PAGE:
Sunday, January 17, 2010

Layout Progress as of 1/17/2010

I have now completed week four of eight weeks of the Second Annual International Winter Layout Party on TrainBoard. Progress continues on the Emerson, GA scene of the layout as shown in the series of photos below.

I had originally planned on using 2" thick extruded foam board in the town of Emerson, including the roadbed for the Emerson house track. However, after some foam board experiments did not yield satisfactory results, I decided to stick with my spline roadbed/cardboard web combination. This meant that before I could continue the cardboard web in town, I had to (finally) build the roadbed for the Emerson house track. Up until now, the diverging route of the turnout from the siding to the house track was just floating in space like a track to nowhere.

When I went to start work on the roadbed for the house track, I noticed about a foot of the passing siding track had popped loose from the roadbed and was just floating about 1/4" in the air. For most of 2009, the Atlanta area was innundated with record shattering rainfall. However, for the last several weeks, we have been having bitterly cold and extremely dry weather. This has caused the benchwork to dry out and the resulting "shrinkage" has caused a lot of track pops. Usually just a few drops of super glue will tack the track back down nicely, but this particular section of the passing siding near the house track was extreme and required some special attention.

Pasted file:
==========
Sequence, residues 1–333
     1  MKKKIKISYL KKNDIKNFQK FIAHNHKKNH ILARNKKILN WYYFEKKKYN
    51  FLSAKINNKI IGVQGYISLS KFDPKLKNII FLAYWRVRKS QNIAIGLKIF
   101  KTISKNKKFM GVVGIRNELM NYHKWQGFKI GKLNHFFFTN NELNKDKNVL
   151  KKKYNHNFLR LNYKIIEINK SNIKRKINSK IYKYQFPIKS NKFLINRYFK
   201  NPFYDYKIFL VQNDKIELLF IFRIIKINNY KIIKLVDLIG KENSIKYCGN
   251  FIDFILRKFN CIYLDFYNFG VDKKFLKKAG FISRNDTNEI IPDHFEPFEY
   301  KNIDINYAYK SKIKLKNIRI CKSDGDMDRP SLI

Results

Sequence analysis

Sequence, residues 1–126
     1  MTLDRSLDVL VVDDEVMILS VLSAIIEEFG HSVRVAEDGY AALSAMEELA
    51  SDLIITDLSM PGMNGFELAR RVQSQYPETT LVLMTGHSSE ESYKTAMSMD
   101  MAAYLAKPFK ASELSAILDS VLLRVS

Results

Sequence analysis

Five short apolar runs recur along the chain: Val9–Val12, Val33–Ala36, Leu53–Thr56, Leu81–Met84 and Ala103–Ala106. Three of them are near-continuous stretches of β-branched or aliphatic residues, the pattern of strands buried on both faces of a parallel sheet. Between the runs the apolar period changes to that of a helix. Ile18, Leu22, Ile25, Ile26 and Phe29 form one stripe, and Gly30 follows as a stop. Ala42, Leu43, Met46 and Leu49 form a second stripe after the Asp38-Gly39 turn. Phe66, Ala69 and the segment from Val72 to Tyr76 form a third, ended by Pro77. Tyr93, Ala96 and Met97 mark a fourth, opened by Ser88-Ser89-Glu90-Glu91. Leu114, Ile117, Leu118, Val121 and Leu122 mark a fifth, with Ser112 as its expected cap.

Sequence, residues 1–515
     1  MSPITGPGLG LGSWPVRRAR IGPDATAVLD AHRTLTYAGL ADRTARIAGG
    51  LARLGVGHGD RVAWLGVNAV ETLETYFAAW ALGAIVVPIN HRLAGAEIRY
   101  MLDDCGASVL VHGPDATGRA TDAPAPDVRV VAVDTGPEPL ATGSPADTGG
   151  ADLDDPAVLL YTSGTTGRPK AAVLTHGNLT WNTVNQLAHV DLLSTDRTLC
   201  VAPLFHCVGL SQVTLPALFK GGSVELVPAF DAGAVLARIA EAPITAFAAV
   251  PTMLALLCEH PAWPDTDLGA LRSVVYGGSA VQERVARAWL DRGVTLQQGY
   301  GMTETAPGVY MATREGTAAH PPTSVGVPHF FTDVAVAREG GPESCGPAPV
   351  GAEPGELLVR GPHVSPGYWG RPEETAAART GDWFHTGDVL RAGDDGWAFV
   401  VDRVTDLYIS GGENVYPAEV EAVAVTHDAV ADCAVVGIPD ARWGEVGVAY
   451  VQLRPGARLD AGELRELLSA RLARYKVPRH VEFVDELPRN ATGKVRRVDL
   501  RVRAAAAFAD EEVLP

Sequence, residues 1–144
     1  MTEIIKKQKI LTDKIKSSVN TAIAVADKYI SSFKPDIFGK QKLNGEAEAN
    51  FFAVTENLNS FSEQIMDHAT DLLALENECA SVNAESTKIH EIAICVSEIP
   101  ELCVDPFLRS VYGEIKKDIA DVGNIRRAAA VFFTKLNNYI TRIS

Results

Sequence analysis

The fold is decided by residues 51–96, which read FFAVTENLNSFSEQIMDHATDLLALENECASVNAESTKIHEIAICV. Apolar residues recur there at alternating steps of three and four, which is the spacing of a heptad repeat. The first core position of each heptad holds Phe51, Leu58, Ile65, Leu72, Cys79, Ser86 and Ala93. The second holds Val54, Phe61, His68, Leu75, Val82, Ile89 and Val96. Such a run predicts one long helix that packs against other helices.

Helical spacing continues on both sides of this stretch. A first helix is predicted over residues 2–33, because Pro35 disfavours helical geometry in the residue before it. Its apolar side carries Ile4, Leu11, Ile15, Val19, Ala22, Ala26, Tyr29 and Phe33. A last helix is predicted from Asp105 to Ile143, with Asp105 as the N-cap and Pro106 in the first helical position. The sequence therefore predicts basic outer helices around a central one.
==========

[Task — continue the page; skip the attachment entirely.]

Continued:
» Photos

Here is a profile photo of the siding track that has popped up in Emerson. The cutting mat in the background shows the scale of the deformation:

Here is a wider angle shot of the same track with the cutting mat removed:

Fortunately, this section of flex track terminates at a turnout and I do not solder any rail joiners on my turnouts. This allowed me to slip the rail joiners back, lift up the flex track, and nip a bit off the ends of the rails. This allowed the track to conform to its original alignment. I then placed the track back down and slid the rail joiners back into place. I have left gaps between the ends of the rails here to allow for more expansion in the future:

After shortening the track and joining it back to the house track turnout, the track gang laid a bead of super glue and placed some clamps to get the track attached back to the roadbed:

A test train crawls across the newly repaired trackwork:

To prevent track pops from happening, I gap every section of flex track. However, in this closeup photo, you can see that the extreme benchwork shrinkage has completely closed the gaps in both rails (just to the left of the feeder wires), causing the track pop that was repaired above:

With the popped trackwork repaired, I moved on to building the roadbed for the Emerson house track. Here are the first few splines clamped in place:

Spline roadbed goes together quickly. A few hours after starting, the spline roadbed for the Emerson house track has been completed:

The Emerson house track is used for setting out defective cars and has a capacity for three 50-foot cars:

Finally, I completed the cardboard web between the tracks and the backdrop all the way to the north end of the Emerson scene. The flat area in the middle distance is to accomodate a residential neighborhood that borders the railroad:

Here is the same area looking north: